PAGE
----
Male circumcisions disrupted by COVID-19, fall short of the 2020 target

29 November 2021

In areas with high HIV prevalence and low rates of male circumcision, voluntary medical male circumcision (VMMC) can greatly contribute to HIV prevention. Despite this, there was a steep drop in the number of VMMCs performed in the 15 priority countries in 2020, due mainly to service disruptions caused by the COVID-19 pandemic: approximately 2.8 million procedures were performed in 2020, compared with 4.1 million in 2019.

Several countries suspended their programmes when the pandemic took hold, including South Africa. Despite this, programmes in some countries proved resilient enough to recover quickly and expand during the rest of 2020—notably in Rwanda and Zambia, where programme coverage grew by about 15%. In these countries, adjustments for the safe continuation of VMMC services during COVID-19 included changes in promotion and demand generation, client transportation, service delivery at a health facility or in the community and post-procedure follow-up appointments.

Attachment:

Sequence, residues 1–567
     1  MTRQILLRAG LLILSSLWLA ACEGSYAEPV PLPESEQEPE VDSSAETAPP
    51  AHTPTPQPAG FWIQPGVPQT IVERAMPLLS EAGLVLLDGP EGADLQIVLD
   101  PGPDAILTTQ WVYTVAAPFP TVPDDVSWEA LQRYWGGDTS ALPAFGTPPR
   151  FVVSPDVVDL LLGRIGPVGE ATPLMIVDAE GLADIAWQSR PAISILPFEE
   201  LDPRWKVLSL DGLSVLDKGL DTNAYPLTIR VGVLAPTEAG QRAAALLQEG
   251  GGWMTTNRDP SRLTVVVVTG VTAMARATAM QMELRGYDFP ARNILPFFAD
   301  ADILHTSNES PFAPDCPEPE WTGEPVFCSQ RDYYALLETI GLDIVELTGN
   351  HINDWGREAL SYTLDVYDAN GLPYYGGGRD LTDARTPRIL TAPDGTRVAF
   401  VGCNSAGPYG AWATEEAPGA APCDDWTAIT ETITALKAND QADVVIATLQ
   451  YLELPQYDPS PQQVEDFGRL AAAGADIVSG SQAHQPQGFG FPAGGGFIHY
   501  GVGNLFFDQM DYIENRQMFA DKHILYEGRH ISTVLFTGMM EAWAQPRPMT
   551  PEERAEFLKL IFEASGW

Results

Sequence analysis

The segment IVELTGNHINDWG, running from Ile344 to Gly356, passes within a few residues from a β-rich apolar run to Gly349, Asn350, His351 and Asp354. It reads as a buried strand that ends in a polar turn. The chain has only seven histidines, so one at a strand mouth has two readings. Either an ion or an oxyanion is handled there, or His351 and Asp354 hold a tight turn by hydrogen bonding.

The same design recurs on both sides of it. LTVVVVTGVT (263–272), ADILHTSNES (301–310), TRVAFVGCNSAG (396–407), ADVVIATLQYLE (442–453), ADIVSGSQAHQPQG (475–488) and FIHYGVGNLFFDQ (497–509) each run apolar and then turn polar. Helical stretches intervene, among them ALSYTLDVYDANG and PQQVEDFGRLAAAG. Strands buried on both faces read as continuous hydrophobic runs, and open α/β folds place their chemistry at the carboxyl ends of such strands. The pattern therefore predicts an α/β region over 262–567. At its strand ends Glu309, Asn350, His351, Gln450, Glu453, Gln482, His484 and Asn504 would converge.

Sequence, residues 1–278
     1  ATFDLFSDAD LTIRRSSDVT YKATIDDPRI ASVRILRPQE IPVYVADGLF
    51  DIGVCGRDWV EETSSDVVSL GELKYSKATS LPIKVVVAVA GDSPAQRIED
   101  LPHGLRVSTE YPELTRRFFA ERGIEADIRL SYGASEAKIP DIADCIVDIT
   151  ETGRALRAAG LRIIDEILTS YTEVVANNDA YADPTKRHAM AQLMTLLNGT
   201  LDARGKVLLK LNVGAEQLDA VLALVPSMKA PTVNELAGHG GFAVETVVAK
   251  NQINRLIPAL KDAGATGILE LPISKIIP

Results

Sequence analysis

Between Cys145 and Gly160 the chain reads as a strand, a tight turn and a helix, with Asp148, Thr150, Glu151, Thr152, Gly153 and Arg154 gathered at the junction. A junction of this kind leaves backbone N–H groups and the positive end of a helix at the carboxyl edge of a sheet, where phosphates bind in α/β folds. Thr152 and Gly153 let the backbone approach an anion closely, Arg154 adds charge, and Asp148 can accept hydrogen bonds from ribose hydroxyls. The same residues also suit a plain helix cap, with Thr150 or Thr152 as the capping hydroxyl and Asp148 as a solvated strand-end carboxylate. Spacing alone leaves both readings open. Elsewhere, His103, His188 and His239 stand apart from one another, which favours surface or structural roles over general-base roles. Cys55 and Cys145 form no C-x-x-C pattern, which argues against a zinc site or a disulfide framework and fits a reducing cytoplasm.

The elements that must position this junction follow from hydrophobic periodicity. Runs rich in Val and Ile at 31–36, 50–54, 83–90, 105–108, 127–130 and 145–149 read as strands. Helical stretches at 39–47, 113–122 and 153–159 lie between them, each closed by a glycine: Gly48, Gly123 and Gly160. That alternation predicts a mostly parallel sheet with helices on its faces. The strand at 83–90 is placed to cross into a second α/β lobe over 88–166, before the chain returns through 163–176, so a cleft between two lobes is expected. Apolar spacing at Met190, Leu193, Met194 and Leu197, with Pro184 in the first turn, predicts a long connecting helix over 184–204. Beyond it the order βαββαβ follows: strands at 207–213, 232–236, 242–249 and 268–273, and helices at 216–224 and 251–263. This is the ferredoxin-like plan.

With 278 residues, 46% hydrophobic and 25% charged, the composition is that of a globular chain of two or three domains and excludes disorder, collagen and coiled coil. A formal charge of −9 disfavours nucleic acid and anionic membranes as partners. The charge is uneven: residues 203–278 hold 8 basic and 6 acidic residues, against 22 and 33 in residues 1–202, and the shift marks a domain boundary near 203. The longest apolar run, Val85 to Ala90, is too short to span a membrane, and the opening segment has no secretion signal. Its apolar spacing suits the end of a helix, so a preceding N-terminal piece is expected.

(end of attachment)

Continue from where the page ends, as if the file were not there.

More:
A total of about 18 million VMMCs were performed in 2016–2020, far shy of the 2020 target of 25 million. As well as COVID-19, an additional setback in 2015 and 2016 was the detection of tetanus cases in Uganda, which led to activities being scaled back in that country.

We are off track to meet the 2020 targets on the number of voluntary medical male circumcisions

01 February 2021

Voluntary medical male circumcision provides lifelong partial protection against female-to- male HIV transmission, reducing heterosexual male vulnerability to HIV infection by approximately 60%.

Voluntary medical male circumcision can also act as an entry point for providing adolescents 15 years and older and adult men in settings with generalized epidemics with broader health packages to improve their health outcomes. When combined with high levels of treatment coverage and viral suppression, evidence shows that the impact of voluntary medical male circumcision is particularly significant.

However, annual circumcisions in the 15 priority countries have remained relatively stable since 2017, falling short of the annual amounts needed to reach the 2020 target of 25 million additional circumcisions since the beginning of 2016.

Voluntary medical male circumcision―4.1 million performed in 2018